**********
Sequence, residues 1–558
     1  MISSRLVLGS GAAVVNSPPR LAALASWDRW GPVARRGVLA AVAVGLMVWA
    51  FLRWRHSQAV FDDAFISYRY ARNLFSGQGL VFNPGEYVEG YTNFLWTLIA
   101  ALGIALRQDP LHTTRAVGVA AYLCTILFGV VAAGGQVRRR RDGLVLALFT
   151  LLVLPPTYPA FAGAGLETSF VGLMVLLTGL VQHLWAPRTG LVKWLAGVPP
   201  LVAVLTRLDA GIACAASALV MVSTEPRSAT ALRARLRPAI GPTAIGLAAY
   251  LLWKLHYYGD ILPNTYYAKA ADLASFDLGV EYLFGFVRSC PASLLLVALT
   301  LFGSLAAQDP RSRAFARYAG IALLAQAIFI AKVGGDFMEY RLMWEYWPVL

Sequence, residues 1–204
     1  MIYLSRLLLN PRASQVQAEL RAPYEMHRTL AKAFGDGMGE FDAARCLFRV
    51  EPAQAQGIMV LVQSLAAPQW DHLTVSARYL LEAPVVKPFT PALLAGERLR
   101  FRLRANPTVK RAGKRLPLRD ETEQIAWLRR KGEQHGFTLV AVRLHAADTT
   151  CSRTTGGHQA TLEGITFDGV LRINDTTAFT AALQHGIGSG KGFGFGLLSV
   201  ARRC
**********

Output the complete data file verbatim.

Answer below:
Sequence, residues 1–558
     1  MISSRLVLGS GAAVVNSPPR LAALASWDRW GPVARRGVLA AVAVGLMVWA
    51  FLRWRHSQAV FDDAFISYRY ARNLFSGQGL VFNPGEYVEG YTNFLWTLIA
   101  ALGIALRQDP LHTTRAVGVA AYLCTILFGV VAAGGQVRRR RDGLVLALFT
   151  LLVLPPTYPA FAGAGLETSF VGLMVLLTGL VQHLWAPRTG LVKWLAGVPP
   201  LVAVLTRLDA GIACAASALV MVSTEPRSAT ALRARLRPAI GPTAIGLAAY
   251  LLWKLHYYGD ILPNTYYAKA ADLASFDLGV EYLFGFVRSC PASLLLVALT
   301  LFGSLAAQDP RSRAFARYAG IALLAQAIFI AKVGGDFMEY RLMWEYWPVL

Sequence, residues 1–204
     1  MIYLSRLLLN PRASQVQAEL RAPYEMHRTL AKAFGDGMGE FDAARCLFRV
    51  EPAQAQGIMV LVQSLAAPQW DHLTVSARYL LEAPVVKPFT PALLAGERLR
   101  FRLRANPTVK RAGKRLPLRD ETEQIAWLRR KGEQHGFTLV AVRLHAADTT
   151  CSRTTGGHQA TLEGITFDGV LRINDTTAFT AALQHGIGSG KGFGFGLLSV
   201  ARRC